This project was very straightforward, and broke down into three steps.1
1) Milling the board
2) Soldering the components
3) Testing and Programming
I decided to produce the most basic board for simplicity.
Running the mill was more difficult than I anticipated. Setting it up using fab modules was simple. The only snag I hit here was ensuring that the mill tip was sharp enough to get a good cut. My first few few passes, the tip was close to the end of it’s useful life, resulting in a lot of burrs, which required a lot of washing to get them clean enough for work.
I had some experience with soldering pass through boards before coming into the class. Nevertheless, getting to the point where I was producing joints of reasonable quality took two boards. Once I started to add flux to the board the work got a lot easier. Definitely the most difficult part was soldering the mini USB components to the board.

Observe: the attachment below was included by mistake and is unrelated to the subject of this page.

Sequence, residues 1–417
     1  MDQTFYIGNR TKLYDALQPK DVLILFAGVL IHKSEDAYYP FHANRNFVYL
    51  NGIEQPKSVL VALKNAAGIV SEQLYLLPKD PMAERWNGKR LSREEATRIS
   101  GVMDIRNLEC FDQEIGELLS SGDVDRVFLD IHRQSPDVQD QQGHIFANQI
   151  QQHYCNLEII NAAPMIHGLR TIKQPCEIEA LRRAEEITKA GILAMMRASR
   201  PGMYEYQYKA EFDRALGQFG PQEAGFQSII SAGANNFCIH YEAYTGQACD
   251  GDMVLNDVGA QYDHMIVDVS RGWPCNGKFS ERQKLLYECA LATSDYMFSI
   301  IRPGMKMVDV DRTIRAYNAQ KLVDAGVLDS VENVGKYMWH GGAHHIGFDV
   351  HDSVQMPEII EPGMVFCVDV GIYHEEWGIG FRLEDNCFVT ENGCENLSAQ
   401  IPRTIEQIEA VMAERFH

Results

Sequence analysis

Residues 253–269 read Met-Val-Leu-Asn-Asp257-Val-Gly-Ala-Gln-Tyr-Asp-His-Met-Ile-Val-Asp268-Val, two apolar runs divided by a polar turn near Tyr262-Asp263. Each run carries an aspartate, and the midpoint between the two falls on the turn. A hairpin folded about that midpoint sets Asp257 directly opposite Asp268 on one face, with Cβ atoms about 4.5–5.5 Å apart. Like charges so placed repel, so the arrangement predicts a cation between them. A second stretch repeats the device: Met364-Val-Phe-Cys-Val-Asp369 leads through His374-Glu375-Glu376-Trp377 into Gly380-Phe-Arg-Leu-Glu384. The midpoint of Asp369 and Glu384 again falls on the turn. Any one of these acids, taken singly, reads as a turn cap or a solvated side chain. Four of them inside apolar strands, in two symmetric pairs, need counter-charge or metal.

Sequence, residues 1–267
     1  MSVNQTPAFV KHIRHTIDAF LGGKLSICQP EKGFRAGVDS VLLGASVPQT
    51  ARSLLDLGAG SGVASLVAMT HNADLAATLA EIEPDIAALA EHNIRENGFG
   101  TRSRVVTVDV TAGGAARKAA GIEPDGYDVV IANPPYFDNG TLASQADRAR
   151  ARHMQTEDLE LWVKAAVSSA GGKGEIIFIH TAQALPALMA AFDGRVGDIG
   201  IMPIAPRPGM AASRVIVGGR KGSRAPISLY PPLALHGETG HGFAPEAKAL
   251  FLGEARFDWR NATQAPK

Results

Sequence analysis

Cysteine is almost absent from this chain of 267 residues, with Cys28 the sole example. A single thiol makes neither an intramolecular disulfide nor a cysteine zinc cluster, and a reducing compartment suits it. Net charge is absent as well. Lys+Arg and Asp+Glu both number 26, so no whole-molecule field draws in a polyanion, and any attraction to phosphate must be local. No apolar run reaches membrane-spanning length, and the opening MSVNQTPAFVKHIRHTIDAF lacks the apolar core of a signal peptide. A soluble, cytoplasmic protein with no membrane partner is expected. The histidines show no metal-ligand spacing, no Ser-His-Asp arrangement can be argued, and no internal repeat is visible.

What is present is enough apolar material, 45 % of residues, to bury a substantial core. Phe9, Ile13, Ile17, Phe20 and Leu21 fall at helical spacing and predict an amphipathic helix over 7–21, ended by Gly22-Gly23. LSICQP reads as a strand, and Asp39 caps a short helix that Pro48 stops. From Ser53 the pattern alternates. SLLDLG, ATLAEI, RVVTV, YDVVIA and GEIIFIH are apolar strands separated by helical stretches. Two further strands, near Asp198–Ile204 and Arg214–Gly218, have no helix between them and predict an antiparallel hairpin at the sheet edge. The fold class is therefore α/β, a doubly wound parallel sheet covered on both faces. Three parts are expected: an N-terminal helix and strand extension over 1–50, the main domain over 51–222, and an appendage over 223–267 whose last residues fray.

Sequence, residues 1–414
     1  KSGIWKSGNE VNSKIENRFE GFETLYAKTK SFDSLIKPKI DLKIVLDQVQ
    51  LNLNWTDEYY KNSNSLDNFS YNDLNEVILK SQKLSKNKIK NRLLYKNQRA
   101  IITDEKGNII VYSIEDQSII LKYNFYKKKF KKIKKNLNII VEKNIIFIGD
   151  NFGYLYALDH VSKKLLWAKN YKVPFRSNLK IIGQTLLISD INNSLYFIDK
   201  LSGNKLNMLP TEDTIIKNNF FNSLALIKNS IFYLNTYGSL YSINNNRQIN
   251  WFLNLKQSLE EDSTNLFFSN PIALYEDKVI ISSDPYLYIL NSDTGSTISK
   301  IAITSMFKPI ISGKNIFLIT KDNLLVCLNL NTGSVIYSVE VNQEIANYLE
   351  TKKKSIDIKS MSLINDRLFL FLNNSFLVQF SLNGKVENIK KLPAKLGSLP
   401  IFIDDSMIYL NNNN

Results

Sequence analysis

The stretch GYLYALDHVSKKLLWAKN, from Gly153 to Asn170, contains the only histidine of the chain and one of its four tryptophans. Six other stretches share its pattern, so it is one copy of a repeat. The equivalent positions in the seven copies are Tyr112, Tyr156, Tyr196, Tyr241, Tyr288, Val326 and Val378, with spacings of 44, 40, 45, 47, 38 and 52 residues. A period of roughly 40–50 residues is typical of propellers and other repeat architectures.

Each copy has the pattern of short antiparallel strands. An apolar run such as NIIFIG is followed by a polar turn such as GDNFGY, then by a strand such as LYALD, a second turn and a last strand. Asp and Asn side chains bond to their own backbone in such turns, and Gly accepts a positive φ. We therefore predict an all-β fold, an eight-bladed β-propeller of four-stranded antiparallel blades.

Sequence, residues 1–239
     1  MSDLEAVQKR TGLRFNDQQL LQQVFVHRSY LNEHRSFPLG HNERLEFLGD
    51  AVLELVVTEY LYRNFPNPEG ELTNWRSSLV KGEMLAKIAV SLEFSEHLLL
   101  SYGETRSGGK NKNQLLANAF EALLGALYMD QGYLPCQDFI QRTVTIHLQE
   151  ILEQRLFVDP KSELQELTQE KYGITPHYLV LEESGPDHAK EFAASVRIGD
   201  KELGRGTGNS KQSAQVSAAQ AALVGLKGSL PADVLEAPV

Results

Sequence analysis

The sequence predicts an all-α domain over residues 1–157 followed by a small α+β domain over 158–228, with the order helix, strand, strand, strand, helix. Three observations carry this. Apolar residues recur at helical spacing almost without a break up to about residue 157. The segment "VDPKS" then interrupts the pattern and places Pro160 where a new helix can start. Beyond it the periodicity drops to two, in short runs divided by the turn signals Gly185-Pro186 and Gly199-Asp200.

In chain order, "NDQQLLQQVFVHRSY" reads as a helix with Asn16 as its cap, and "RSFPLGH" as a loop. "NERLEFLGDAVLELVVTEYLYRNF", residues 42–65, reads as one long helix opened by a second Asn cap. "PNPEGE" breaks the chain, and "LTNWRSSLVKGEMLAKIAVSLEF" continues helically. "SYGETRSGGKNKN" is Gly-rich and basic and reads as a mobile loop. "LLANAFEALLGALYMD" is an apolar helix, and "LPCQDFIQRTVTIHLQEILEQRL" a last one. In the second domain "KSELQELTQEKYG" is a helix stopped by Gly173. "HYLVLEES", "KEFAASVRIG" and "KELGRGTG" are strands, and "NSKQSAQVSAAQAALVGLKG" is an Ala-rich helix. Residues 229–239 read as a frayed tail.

In the above picture you can see two things. The quality of the soldering, which is subpar vs what experienced joints look like and the burring on the material. Thankfully it worked and I was glad for that.
As I mentioned above, the first board I plugged in got the red light on the programmer. I knew the board was likely going to be bad because of the burring and I wanted more practice with soldering so I decided to make another board. When I plugged that one in I got a green light and then executed the code to program it.